Residual risk is alive and ever present in machine safety
Machine safety and product safety are alike when it comes to the issue of residual risk. Engineers are supposed to hold public safety as paramount and prevent bad things from happening. How?
Machine safety and product safety are alike when it comes to the issue of residual risk. From recent news headlines: Miners killed in an explosion; Workers missing after oil drilling platform burns and sinks; Cars accelerate out of control; Volcano threatens airliners; Storms destroy buildings and kill 10 people. These aren’t supposed to happen.
Engineers are supposed to hold public safety as paramount and prevent bad things from happening. Recognizing hazards and mitigating them can be complex. The dangers involving products and machines change over time; the dangers when a machine is being built are different after it is installed and are different again when it is decommissioned and disposed.
Take for example the recent sudden acceleration problems an automotive company had with their automobiles. Now, we know that the hard cable between the accelerator pedal and the carburetor has been replaced by the black box computer and software.
So – why sudden acceleration? Is it software, hardware, EMI interference, mechanical hinge binding, or some other phenomena introduce by technology innovation? And, what complications have been introduced that impact residual risk? Was this potential hazard identified in the risk assessment and what was the accepted residual risk after mitigation measures?
Who’s heard of a BOP valve? Does BP or Gulf of Mexico help? Yes, that’s a blow out preventer valve used in off shore oil drilling. This particular BOP valve has multiple shutoff valves that are designed to be capable of shutting off the flow of crude oil. The concept of multiple shut off valves is to provide several ways as redundant backup solutions thus mitigating the risk of crude oil ever polluting the Gulf of Mexico. The trillion dollar question is – why did the redundant shut off valves not function properly when the control system called for them to close? What did the risk assessment identify as hazards and how were they mitigated? What was the accepted “residual risk”?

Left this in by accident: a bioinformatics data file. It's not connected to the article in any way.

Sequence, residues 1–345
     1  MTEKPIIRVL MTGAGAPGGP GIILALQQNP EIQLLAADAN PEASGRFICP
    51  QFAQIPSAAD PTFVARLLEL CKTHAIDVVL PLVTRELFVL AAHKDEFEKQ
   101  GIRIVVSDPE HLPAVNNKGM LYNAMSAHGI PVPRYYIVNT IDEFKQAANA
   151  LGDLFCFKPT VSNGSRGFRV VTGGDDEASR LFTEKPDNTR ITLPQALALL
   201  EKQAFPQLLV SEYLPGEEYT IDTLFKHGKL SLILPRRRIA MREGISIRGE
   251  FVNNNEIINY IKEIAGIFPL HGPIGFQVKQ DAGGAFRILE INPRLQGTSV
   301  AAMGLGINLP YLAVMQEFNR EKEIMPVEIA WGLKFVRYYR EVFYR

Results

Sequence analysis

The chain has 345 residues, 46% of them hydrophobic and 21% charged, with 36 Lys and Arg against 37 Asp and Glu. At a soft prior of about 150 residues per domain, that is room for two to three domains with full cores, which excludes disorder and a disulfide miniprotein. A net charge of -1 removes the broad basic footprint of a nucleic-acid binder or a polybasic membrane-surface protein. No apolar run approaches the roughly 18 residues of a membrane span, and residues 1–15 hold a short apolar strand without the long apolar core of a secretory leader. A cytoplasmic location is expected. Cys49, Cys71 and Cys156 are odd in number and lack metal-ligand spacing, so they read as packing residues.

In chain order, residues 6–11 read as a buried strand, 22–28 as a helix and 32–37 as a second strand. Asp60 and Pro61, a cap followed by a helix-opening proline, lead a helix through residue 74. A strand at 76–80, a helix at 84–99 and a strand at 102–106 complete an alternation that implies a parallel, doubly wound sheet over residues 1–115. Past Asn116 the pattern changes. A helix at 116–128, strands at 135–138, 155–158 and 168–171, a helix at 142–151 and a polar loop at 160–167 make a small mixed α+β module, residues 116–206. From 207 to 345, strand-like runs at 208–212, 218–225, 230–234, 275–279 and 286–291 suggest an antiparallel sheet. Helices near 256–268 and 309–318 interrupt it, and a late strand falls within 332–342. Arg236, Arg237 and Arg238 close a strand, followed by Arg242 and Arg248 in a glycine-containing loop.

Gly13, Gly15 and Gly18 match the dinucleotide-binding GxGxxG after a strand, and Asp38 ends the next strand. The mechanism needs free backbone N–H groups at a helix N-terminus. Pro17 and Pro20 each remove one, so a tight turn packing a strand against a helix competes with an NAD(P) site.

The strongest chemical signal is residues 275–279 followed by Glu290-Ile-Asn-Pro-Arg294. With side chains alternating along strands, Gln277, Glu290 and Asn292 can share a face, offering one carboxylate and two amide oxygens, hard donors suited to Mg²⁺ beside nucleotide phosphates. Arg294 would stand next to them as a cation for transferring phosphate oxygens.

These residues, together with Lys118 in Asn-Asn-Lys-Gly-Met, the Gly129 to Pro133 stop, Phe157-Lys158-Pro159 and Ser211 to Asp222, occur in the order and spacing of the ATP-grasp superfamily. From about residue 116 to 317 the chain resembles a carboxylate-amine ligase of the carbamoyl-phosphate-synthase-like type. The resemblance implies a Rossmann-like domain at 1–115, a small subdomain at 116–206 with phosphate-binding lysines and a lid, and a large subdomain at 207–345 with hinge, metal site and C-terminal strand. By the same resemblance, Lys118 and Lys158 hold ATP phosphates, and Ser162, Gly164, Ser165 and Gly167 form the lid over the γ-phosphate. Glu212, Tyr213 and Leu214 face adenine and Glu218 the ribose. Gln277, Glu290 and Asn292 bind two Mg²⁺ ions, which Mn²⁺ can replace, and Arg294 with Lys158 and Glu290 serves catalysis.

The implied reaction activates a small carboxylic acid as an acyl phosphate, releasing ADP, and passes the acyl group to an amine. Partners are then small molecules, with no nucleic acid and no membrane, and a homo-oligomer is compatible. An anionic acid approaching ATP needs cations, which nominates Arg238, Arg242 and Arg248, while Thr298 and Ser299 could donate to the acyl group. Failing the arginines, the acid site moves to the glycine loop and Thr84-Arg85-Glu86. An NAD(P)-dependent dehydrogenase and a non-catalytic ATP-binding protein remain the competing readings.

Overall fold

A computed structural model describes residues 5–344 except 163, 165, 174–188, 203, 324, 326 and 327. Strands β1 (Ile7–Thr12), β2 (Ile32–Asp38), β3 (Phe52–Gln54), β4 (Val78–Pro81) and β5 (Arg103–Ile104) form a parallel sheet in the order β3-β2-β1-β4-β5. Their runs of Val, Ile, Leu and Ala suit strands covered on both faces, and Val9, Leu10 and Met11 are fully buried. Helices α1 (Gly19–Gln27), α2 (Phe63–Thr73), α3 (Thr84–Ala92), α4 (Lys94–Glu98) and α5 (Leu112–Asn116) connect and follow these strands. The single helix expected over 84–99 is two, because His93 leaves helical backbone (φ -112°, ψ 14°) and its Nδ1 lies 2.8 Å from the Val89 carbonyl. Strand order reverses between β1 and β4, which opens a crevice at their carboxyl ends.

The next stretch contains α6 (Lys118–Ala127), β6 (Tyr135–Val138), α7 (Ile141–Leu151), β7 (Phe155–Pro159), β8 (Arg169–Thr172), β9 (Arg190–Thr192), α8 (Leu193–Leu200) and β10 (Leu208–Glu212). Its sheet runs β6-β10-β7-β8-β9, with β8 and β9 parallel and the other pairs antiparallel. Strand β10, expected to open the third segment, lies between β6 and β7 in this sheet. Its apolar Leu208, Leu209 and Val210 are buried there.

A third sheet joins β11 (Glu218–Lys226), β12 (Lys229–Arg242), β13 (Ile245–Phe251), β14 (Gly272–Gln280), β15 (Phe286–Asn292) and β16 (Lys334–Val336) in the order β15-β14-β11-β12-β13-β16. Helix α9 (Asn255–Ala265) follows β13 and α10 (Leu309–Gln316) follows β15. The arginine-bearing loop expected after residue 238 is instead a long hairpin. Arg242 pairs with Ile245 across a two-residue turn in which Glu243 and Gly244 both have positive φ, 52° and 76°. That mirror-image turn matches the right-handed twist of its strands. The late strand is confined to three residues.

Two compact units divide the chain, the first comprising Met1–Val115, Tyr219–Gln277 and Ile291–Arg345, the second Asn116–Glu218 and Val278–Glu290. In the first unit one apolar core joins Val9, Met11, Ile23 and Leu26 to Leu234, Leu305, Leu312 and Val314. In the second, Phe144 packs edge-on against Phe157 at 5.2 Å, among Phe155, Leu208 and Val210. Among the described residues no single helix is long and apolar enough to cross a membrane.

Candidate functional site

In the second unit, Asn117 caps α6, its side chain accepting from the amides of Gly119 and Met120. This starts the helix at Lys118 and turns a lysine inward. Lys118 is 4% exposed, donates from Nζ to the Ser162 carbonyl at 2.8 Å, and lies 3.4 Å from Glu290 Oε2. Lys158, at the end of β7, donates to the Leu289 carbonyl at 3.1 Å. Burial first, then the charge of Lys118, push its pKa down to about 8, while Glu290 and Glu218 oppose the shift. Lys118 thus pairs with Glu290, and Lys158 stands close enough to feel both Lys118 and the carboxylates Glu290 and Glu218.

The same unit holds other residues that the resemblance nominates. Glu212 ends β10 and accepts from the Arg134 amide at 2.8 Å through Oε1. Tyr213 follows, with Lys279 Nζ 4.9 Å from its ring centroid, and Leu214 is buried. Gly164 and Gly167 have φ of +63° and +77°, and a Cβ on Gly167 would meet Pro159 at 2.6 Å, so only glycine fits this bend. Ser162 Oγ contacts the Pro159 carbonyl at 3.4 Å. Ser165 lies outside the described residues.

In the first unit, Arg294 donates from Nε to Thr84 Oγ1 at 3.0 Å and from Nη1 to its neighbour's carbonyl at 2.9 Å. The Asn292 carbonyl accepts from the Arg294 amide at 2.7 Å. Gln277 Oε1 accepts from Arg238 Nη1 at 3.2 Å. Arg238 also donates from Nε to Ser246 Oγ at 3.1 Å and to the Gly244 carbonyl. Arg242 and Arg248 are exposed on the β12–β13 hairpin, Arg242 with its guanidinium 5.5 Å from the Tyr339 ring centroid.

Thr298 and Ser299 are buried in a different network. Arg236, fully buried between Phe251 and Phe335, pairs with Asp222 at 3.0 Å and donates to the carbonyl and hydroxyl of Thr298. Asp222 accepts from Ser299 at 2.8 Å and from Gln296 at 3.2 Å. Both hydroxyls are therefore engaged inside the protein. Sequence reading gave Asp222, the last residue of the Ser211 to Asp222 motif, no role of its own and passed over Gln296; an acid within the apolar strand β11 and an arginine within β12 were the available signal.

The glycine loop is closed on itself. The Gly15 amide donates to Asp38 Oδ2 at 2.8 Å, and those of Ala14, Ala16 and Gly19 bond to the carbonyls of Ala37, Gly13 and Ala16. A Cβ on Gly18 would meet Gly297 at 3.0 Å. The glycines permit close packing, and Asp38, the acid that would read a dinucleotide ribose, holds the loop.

OK, now that I have your attention, everyone should realize by now that residual risk will never equal zero. Since most things in life can somehow be explained mathematically we can now understand why traveling by commercial air is safer per passenger than traveling by automobile. It all boils down to – “per trip”! This would change on a dime if automobiles could hold 200 plus passengers. And, we can also relate this discussion to machine safety. Accepting the notion that residual risk never reached zero, then we also have to acknowledge that hazards will always exist on or around a machine. As management and engineers it is our professional responsibility (and, obligation as defined by OSHA) to identify all hazards (risk assessment) and to reduce those hazards to acceptable levels (mitigation plan). The acceptable levels are those levels you or your Company determines.
In my opinion, just as with the two examples above, there will always be residual risk which only time and continuous improvement efforts combined will push residual risk toward zero but not equal to zero. Welcome to the real world where – Residual Risk Is Alive & Ever Present!
Also read two prior blog postings:
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2012 Salary Survey
In a year when manufacturing continued to lead the economic rebound, it makes sense that plant manager bonuses rebounded. Plant Engineering’s annual Salary Survey shows both wages and bonuses rose in 2012 after a retreat the year before.
Average salary across all job titles for plant floor management rose 3.5% to $95,446, and bonus compensation jumped to $15,162, a 4.2% increase from the 2010 level and double the 2011 total, which showed a sharp drop in bonus.